A longtime observer of the NYPD—from within and outside—calls Browne’s operation “the commissioner’s image office,” and adds: “Browne answers only to Kelly, and the two of them are the only voices that speak for the department. The Public Information Office has a very low opinion of the public.”
A prosecutor who has known Browne for years said the mouthpiece “will zealously protect Kelly, who is still considering throwing his hat into the ring for the mayoralty,” and added: “He’s become more than a spokesperson—it’s not surprising he’s gone across and beyond spinning.”
Despite or perhaps because of that approach to information and message control, the 70-year-old Kelly has been one of the city’s most popular officials, with approval ratings well over 60 percent for most of the past decade. Although he’d prefer a federal appointment, Kelly hasn’t discouraged the idea that he still might step into the mayoral race if that falls through.
With the crime numbers staying down and no successful terror attack, not to mention the strong support of Mayor Bloomberg, the public has shrugged off Kelly’s past excesses, including the 2004 Republican National Convention, when nearly 2,000 protesters and passersby were arrested and held at Pier 57 with little semblance of due process, which eventually cost the city millions in settlements and legal fees. (Bologna himself is the subject of a pending suit alleging false arrest and civil rights violations.)
Meanwhile, millions of stop-and-frisks have led to hundreds of thousands of unjustified marijuana-possession arrests that flouted state law. An abrupt about-face by Kelly in an “operations order” sent out in September appears to have finally put a stop to that policy after years of obfuscation and silence from the department. The department’s arrest quotas were finally exposed last year by the Voice via tapes secretly recorded by Officer Adrian Schoolcraft. The NYPD’s attempts to discredit Schoolcraft included having officers show up at his apartment and forcibly commit him to a psych ward. Also there, according to Schoolcraft, was Browne.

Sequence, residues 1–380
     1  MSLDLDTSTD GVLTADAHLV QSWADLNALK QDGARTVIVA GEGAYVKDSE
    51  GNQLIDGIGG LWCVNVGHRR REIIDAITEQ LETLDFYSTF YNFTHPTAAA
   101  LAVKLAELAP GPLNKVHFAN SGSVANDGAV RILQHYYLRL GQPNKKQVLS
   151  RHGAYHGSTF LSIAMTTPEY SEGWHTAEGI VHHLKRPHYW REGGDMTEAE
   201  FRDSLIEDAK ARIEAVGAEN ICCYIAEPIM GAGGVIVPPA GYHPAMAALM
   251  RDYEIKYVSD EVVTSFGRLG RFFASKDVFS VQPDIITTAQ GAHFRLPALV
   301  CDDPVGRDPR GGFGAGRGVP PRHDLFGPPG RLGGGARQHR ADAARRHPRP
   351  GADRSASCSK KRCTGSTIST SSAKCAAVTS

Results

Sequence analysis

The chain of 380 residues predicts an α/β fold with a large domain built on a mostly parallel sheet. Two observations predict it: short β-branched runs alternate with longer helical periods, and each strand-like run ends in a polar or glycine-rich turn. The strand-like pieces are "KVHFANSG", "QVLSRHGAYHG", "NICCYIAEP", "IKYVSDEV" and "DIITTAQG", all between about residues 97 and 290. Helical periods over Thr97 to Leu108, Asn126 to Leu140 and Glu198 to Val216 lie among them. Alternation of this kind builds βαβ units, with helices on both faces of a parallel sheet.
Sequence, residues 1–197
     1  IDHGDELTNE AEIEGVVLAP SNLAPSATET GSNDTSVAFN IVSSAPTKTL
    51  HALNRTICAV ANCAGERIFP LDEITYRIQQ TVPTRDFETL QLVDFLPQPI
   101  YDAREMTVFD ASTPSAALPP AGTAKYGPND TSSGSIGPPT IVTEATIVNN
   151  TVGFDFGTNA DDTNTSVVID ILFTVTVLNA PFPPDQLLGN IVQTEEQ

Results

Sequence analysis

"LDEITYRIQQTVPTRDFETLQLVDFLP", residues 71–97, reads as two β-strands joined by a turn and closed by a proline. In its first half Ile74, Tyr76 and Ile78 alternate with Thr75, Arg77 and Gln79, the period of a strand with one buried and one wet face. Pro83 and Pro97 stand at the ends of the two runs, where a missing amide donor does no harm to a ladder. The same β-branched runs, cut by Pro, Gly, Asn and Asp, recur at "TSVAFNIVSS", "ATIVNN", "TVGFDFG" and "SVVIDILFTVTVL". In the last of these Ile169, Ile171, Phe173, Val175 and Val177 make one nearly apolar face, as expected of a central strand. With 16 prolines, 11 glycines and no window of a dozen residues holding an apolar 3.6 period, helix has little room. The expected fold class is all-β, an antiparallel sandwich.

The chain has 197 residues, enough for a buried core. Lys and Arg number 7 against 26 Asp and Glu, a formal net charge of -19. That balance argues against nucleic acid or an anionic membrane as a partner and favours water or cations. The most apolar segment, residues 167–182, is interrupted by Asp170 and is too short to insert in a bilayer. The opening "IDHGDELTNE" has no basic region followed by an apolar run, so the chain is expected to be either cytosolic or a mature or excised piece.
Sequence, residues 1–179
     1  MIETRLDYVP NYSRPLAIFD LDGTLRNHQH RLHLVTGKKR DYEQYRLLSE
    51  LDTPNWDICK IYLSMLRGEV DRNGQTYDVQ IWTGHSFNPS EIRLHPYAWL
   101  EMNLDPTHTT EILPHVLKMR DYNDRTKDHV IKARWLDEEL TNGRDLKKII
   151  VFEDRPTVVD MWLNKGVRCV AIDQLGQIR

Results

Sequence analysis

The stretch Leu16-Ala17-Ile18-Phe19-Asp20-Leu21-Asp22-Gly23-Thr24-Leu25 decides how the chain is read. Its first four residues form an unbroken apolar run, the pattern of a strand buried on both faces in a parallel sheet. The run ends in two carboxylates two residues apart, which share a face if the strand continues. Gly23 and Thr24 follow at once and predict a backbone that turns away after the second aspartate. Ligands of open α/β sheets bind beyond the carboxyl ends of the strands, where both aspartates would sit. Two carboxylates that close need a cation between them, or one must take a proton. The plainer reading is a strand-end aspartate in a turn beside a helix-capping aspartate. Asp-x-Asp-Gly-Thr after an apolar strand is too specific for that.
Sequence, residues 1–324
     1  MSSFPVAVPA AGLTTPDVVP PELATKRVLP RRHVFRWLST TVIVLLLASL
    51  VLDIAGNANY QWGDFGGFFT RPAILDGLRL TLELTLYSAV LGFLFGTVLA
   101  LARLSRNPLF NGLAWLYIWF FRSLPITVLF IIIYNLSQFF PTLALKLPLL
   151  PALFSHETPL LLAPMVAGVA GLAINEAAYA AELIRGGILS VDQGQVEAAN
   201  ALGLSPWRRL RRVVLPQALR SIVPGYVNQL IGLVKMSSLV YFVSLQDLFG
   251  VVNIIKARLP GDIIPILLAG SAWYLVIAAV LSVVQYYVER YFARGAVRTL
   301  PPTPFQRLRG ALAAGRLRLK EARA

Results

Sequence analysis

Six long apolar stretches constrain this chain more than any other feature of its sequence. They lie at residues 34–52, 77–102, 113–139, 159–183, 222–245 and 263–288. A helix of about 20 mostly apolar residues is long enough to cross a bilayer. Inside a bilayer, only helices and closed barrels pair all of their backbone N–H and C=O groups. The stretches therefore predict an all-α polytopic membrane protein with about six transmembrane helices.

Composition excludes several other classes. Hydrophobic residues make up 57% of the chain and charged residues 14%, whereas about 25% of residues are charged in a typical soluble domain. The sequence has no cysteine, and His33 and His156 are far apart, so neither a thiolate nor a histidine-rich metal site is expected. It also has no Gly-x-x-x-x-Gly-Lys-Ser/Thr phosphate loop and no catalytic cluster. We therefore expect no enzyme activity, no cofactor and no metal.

Although Browne, who became chief spokesman in 2004 and has worked closely with Kelly at numerous posts since the 1990s, has dodged criticism before, that shield is crumbling. The department has taken a series of hard public hits, also including a spate of shootings in August, a spike in the subway crime rate, a series of stories exposing the formerly secret Demographics Unit (whose existence Browne had previously denied), and a ticket-fixing scandal that has led to the indictment of 17 officers. That scandal is widening—it points to cops working with drug dealers and to members of the Internal Affairs Bureau tipping off subjects of the probe as well as triggering a citywide ticketing slowdown among the rank and file.
“It’s really anti-democratic to think the department can ladle out the information it wants to in dribs and drabs,” the longtime observer says. “And their contempt for the press and the City Council has, if anything, increased over the years.
“That the guy would just be throwing out misinformation over a month I think comes from a sense of, ‘Who’s going to catch us, and who’s going to punish us if they do?'”